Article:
The UK’s departure from the EU will inevitably mark the end of freedom of movement in the UK, meaning that in the future EU citizens will be treated no differently to nationals of any other country. The current work visa requirements for non-EU citizens are onerous, including a cap on the total number of work visas issued each year, the requirement to advertise the role for the domestic labour market and the imposition of a minimum salary threshold.
Whilst the UK government appreciated the risks involved in incorporating these measures in a new system without adjustment, its political desire to display a tough stance on immigration appears to have been a decisive factor against any relaxation of future rules. However, amid the realisation that a strict transposition of the current regulations to any future system would inevitably result in labour shortages nationally, the government seems to have softened its stance on shaping the future immigration system.
Back in 2018 the Migration Advisory Committee (“MAC”) recommended that a salary threshold be retained in the future immigration system at the level of £30,000 and £20,800 per annum for experienced workers and new entrants respectively. It emerged this week, however, that the Home Secretary Sajid Javid has asked the MAC to review the issue of salary thresholds and propose a new method for calculating them.
It is striking that along with the anticipated question about the levels of salary threshold, the MAC has been asked whether there is a case for introducing various exceptions, including where an occupation is in shortage. Furthermore, the Home Secretary has suggested the possibility of introducing regional salary thresholds, which would operate in different parts of the UK. By doing so, he appears to be conscious of the fact that since salary levels may differ up and down the country, some parts of the UK may be locked out of utilising the immigration work force due to an inability to meet the salary threshold.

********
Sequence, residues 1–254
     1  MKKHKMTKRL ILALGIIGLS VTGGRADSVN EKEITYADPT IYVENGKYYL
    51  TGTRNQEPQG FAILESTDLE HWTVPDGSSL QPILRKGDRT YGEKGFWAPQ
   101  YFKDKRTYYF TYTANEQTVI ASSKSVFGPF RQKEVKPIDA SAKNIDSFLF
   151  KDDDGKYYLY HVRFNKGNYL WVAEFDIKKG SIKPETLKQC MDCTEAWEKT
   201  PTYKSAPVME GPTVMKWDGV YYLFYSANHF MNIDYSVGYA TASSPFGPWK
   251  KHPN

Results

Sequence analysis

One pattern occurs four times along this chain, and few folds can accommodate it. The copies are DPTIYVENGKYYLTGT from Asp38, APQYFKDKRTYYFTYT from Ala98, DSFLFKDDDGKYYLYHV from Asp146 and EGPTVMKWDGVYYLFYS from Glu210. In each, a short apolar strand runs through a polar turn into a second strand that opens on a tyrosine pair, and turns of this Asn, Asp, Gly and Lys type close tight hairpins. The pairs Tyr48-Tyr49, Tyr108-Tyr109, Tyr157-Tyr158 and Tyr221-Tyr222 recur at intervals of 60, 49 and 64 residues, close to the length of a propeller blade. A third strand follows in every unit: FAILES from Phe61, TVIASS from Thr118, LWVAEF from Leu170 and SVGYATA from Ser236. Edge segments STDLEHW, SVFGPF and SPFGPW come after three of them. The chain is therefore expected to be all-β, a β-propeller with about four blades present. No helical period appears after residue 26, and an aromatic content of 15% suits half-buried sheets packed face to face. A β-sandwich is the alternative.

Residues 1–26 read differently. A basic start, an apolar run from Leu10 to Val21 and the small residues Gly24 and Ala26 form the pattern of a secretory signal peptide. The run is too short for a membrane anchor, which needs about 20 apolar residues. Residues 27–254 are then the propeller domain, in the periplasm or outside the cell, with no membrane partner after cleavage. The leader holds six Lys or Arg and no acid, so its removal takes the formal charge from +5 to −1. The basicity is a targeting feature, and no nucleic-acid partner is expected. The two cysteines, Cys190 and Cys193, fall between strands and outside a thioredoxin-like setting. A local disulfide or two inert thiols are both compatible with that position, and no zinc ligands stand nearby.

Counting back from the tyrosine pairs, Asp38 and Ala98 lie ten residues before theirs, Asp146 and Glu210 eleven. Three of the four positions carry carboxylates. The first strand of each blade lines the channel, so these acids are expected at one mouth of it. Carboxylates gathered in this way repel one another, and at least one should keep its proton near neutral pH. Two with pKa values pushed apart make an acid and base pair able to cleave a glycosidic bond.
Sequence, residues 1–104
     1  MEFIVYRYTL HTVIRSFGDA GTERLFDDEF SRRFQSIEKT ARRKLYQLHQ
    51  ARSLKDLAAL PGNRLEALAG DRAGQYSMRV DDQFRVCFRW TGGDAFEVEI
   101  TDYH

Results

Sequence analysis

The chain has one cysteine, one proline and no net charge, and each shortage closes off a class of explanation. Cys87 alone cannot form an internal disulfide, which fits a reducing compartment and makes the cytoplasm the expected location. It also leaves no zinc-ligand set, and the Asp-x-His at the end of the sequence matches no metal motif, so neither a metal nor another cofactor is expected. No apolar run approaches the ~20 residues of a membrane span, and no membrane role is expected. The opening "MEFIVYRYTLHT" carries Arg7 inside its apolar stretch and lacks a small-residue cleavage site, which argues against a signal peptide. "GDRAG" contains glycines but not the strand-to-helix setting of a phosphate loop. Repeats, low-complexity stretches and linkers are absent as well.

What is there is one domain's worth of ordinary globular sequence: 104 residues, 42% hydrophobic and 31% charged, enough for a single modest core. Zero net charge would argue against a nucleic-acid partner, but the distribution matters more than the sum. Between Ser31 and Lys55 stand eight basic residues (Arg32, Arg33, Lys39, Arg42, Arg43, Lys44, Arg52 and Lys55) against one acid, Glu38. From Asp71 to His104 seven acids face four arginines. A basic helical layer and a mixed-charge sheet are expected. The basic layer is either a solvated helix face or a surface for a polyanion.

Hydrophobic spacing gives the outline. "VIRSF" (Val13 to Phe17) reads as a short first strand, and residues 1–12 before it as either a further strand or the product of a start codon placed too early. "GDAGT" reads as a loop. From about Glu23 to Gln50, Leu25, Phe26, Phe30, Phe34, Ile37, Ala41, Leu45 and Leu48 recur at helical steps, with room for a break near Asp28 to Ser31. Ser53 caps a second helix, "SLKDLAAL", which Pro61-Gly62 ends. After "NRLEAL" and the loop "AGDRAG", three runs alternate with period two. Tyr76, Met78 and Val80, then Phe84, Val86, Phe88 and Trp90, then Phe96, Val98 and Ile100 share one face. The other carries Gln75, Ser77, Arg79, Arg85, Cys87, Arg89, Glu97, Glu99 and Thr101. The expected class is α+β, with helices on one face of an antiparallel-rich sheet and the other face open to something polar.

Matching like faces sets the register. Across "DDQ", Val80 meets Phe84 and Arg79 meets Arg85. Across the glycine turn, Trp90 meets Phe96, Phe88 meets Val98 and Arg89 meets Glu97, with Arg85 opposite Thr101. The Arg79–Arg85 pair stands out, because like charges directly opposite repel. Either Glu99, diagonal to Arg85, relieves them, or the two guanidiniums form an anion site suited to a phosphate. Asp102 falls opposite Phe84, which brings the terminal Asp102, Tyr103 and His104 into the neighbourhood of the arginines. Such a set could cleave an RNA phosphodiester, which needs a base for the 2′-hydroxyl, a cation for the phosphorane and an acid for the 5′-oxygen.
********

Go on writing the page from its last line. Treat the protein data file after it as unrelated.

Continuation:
The Home Secretary said: “These proposals are the biggest change to our immigration system in a generation… That’s why I’ve asked independent experts to review the evidence on salary thresholds. It’s crucial the new immigration system works in the best interests of the whole of the UK”.
It is reported that the MAC will present its findings by January 2020, and the new system will be introduced from 2021.
If you have any questions relating to work visa issues, sponsor licences or Certificates of Sponsorship, please do not hesitate to contact us.
The information in this blog is for general information purposes only and does not purport to be comprehensive or to provide legal advice. Whilst every effort is made to ensure the information and law is current as of the date of publication it should be stressed that, due to the passage of time, this does not necessarily reflect the present legal position. Gherson accepts no responsibility for loss which may arise from accessing or reliance on information contained in this blog. For formal advice on the current law please don’t hesitate to contact Gherson. Legal advice is only provided pursuant to a written agreement, identified as such, and signed by the client and by or on behalf of Gherson.